The Time Capsule doesn't incorporate a way to automatically back up the content of its internal hard drive onto an external drive, so, to preserve your important files and data, you'll have to do it manually.
Just like the Base Station, the Time Capsule features a built-in firewall and supports WPA, WPA2 and 128-bit WEP for wireless encryption. It also supports Radius access control, so you can manage wireless clients from a centralised location.
Time Capsule doesn't allow parents to filter specific Web sites, but it will let them set time limits for kids' access, provided they follow the steps to get the MAC address for their kids' computers.
We tested the Time Capsule's throughput speeds in the same way we tested the Base Station's: by copying data from one computer to another using its wireless connection. This means the scores -- while much lower than the theoretical throughout speed of the wireless-n specification -- are the actual sustained data rates, after all the software and hardware overheads and interference.
We tested both the new Time Capsule and the previous version on the same day, within an hour of each other. In our 5GHz throughput test, the new Time Capsule edged out the old, scoring 60.4Mbps and 57.8Mbps, respectively. We saw a similar difference in the 2.4GHz band, with the old and new versions of the Time Capsule scoring 24.9Mbps and 29.7Mbps, respectively.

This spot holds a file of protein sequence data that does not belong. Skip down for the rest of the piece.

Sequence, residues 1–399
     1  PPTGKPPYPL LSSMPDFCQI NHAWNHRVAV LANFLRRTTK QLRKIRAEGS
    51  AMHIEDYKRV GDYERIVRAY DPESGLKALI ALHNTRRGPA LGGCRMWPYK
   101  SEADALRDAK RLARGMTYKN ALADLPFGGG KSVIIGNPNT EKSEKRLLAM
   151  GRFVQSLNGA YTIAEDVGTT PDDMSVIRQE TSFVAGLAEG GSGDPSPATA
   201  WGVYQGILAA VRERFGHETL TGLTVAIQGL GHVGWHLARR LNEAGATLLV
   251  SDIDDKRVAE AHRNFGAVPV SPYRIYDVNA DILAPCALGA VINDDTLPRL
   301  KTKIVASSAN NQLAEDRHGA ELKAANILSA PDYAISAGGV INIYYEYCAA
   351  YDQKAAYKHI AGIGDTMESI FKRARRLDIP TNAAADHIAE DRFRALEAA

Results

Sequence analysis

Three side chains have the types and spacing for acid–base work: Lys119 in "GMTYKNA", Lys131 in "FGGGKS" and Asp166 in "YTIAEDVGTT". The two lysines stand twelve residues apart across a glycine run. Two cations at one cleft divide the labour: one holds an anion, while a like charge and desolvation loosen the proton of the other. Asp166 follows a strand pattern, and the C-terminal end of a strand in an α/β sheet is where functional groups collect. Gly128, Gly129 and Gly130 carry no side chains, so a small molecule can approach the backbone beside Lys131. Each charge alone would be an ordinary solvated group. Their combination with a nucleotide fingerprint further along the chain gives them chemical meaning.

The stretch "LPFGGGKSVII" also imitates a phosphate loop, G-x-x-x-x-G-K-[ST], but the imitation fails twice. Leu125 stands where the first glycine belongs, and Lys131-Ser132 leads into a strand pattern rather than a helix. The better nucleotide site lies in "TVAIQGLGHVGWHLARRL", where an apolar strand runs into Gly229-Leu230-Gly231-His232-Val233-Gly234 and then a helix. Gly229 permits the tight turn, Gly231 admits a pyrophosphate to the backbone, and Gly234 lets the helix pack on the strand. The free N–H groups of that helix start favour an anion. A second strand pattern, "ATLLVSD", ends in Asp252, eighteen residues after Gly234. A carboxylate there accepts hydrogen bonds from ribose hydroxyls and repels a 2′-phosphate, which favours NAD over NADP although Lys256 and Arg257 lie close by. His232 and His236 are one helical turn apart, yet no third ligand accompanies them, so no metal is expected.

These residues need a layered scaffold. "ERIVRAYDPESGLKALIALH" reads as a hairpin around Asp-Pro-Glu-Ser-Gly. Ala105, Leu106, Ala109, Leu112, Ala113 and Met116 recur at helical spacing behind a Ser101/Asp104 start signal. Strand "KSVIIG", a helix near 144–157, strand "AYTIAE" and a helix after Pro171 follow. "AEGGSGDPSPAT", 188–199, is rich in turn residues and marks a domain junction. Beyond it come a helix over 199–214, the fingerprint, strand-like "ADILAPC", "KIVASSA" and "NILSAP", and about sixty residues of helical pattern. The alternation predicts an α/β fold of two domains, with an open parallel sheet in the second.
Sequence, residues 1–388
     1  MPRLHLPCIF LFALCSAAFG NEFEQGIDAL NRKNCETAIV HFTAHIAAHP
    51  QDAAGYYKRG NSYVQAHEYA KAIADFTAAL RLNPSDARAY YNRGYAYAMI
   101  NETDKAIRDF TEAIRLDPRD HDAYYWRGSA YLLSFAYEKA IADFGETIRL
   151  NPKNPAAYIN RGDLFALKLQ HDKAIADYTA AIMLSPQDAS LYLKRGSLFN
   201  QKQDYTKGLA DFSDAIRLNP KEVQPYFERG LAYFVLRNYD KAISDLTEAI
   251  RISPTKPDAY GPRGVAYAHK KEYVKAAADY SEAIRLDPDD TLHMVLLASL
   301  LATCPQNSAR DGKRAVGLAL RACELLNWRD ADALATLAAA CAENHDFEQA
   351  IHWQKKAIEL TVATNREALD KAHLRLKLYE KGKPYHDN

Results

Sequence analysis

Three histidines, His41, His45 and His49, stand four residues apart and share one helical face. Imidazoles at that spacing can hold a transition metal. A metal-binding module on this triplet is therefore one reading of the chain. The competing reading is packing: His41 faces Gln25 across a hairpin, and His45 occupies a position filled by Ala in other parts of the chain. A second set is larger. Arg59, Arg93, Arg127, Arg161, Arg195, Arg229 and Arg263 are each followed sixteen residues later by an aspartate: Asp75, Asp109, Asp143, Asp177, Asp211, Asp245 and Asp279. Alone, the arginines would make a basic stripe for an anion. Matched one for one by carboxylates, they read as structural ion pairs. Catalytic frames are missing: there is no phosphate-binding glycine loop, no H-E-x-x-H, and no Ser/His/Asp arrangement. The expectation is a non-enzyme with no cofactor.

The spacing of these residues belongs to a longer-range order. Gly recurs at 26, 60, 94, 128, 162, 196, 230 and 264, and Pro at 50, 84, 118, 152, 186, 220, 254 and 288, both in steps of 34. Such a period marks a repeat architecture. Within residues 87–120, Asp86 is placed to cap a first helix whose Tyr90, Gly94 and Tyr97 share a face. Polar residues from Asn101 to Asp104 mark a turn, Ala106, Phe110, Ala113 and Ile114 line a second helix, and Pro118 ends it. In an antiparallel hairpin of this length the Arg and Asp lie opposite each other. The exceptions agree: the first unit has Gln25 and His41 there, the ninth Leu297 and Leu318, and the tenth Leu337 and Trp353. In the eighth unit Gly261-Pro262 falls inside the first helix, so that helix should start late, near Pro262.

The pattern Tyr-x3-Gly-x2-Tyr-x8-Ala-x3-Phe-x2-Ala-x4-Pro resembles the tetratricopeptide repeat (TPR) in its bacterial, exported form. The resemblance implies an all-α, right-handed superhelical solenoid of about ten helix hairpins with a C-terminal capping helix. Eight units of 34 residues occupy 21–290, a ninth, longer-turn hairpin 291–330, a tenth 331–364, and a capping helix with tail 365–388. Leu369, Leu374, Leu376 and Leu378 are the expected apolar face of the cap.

In our range test, where the client was 30m away, the new Time Capsule scored 33.8Mbps at 2.4GHz -- faster than the 20.3Mbps of the older Time Capsule. At 5GHz, the new Time Capsule scored 51.5Mbps. The older Time Capsule couldn't hold a 5GHz connection at that range long enough to complete the test.
In our mixed-mode test, where the Time Capsule was set to work with both wireless-n and wireless-g clients simultaneously, it scored 31.8Mbps, compared to the 20Mbps of the older Time Capsule. That's slightly above average for routers we've tested this year. In our testing facility -- an office building not optimised for wireless range -- we were able to hold a steady connection to the new Time Capsule from about 61m in the 2.4GHz band and about 72m in the 5GHz band. The older Time Capsule's range was about 3m less in each band.
Our NAS test consists of copying data between the router and a computer using a Gigabit wired connection. We used a 7GB file and timed how long it took for the system to write the file to the Time Capsule's hard drive and read it back. This is where we saw the most improvement over the previous version of the Time Capsule. While the previous version had some of the lowest scores we've seen this year, achieving only 81.2Mbps for the write test and 114.2Mbps for the read test, the new Time Capsule achieved some of the fastest scores we've ever seen, achieving 200.4Mbps in the write test and 204.7Mbps in the read test.